Interview Best Practices Before, During and After the Interview

Interview best practices apply to anyone looking for a job. 

If you’re serious about getting a job, following these interview best practices is your best bet. 

“Success is no accident. It is hard work, perseverance, learning, studying, sacrifice and most of all, love of what you are doing or learning to do.” – Pele



Before the interview, the first thing you need to do is review the job advertisement you applied to as well as the company’s website.

It is important to ensure you have knowledge of the company’s mission, goals, services as well as the day-to-day job duties you are expected to perform.

You could be asked questions regarding any of this, so the more you know, the better.

Specifically looking at the job ad, make notes of how and when you achieved specific experience and knowledge in each of the duties and required skills listed.

This way, when you are asked in the interview if you have these skills, you will be ready with a specific example of where you achieved this experience.


You also want to make sure you have a professional interview outfit ready to wear.

Dress pants, a blouse and cardigan or blazer would be an example of something appropriate.

Alternatively, consider a skirt or dress with an appropriate length hemline, just above the knee is the shortest you should go, with a cardigan or blazer on top. 

Do not wear perfume to your interview.

Many people are sensitive to scents and it could be off-putting to your interviewer.

Make sure you do not wear clothing with slogans, logos, rips, and stains.


Do you know how to get to your interview location?

Do you know how long it will take to drive there, or take the bus there?

It is crucial that you research ahead of time the location you will be going to for your interview and how long it will take you to get there.

By doing this, you will know exactly how much time to give yourself from leaving your house to getting to your interview site 15 minutes early.

Make sure you have a copy of your resume, cover letter, and copies of your certifications printed and ready to bring to the interview as well.

You may also want to consider bringing a list of your references.

Your interviewer, may not ask for these items, but in the event that he or she does, it will show that you are organized and prepared by having them on hand.


Finally, the last thing you need to do is practice, practice, practice your interview skills.

A mock interview session is strongly recommended to ensure you are well-prepped for your interview and will not be phased by the questions asked of your interviewer.

Remember that a mock interview is a safe place for you to stumble through answers, and make mistakes.

It allows you the opportunity to come up with better, more confident answers so that you ace your actual interview.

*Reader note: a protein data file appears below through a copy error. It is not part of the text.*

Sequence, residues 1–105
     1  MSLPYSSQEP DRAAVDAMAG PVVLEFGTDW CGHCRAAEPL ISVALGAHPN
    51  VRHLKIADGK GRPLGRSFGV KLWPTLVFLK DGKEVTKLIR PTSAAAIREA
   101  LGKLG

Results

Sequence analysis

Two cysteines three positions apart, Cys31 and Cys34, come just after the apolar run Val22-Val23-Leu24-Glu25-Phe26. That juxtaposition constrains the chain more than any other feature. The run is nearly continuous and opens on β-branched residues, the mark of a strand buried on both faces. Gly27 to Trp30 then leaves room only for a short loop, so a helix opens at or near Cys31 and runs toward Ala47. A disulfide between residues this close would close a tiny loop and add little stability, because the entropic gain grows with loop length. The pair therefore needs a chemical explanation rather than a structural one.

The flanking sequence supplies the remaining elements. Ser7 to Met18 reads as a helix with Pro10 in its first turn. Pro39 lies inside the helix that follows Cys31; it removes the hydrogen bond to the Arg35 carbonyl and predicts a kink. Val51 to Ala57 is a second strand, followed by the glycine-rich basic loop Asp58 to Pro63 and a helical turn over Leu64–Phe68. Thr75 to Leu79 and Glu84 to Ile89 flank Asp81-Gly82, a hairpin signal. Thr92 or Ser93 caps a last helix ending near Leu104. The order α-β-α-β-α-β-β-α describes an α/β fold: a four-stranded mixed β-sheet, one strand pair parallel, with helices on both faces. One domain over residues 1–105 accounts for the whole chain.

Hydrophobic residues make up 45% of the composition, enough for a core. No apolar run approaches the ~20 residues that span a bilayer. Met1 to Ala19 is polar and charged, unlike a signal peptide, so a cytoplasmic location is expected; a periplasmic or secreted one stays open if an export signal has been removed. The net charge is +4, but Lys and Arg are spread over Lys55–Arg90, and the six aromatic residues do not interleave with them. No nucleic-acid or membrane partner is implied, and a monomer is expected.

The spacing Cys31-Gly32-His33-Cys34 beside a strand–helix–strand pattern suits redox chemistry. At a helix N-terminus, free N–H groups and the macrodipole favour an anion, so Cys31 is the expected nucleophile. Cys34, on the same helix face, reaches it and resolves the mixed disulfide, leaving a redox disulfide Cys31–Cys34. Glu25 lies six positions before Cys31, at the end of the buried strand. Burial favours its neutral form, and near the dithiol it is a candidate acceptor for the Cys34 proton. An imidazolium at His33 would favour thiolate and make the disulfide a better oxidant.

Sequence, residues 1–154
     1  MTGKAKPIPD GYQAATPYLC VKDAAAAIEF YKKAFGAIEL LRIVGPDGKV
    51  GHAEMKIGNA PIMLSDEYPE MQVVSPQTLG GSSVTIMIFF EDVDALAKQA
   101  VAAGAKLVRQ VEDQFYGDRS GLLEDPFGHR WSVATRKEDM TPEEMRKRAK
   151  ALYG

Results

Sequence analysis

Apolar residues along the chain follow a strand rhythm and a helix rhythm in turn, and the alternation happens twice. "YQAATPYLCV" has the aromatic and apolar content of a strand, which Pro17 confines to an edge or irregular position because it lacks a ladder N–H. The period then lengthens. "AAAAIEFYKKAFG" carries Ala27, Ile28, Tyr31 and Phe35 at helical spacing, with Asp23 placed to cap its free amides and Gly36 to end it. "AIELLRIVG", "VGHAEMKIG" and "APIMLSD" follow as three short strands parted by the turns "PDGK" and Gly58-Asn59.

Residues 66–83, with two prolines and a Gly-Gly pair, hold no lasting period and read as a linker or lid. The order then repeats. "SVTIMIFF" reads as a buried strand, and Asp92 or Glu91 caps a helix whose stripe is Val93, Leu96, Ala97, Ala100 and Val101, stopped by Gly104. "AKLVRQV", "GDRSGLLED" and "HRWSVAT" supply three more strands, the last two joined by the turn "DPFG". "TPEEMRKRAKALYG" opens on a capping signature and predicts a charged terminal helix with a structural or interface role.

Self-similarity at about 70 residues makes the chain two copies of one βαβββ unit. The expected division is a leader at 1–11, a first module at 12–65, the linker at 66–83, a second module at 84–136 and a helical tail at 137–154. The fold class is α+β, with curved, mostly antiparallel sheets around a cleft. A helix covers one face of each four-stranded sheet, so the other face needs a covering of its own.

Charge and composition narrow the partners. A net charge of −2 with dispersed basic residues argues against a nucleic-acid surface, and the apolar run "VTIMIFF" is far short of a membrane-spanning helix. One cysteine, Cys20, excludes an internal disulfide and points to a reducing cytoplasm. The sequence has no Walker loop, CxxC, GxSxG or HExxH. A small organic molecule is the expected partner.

Essentially a mock interview involves a friend, family member or colleague mimicking the interview process with you by sitting down and pretending to interview you.

They should ask you many of the questions and help you assess your ability to answer each of the questions asked.

Going through this exercise will help you determine your level of readiness for your interview.

Are you able to confidently, clearly and accurately answer each question?

Then you are ready to go!

Are you drawing a blank, or mumbling your way through the answers?

Then you need to take more time to practice your responses and work on building up that self-confidence.


When you are called in to your interview, warmly greet your interviewer with a smile and a handshake.

Throughout the interview process ensure you make eye contact as this shows confidence.

Try to ensure your body language demonstrates that you are positive and interested in what your interviewer has to say.

Good practices for body language include not crossing your arms, smiling occasionally, making eye contact, sitting still (no fidgeting), and no gum chewing or eating.

When answering interview questions, be sure to give clear and specific examples for each answer.

Always have a positive attitude and never speak negatively about your current or previous employer.

At the end of the interview thank the interviewer, ask what the next steps are, and ask for a business card or contact email.


After the interview, there are a few more things you need to do to ensure the whole process will go smoothly.

The first is to contact your references (if the interviewer said he or she will be contacting them) to give them a heads up that someone will be calling so they aren’t caught off guard.

Follow up with your interviewer with a thank you email.

This is good interview etiquette and it never hurts to reiterate your interest in the organization and position.

If you do not hear anything back regarding the position within a week or two, follow up with an email or phone call to see if a decision has been made.

If you end up getting an offer, make sure to read through the details so that you understand the salary, benefits, and provisions of your offer.

Having knowledge of the industries wage rates and typical benefits will allow you to ensure you are getting a fair offer.

If you do not feel your offer is fair based on your experience and the industry rates, be sure to respectfully discuss this with your prospective employer.

When you decide to take a new offer, make sure you give sufficient notice to your current employer before leaving, as you don’t want to burn any bridges.

The standard is to give two weeks but there may be something different written into the employment contract you signed when you first joined your current employer – be sure to review this letter.

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Avlin is passionate about helping aspirants become better personal support workers. He is an entrepreneur and runs a clinic in Toronto.

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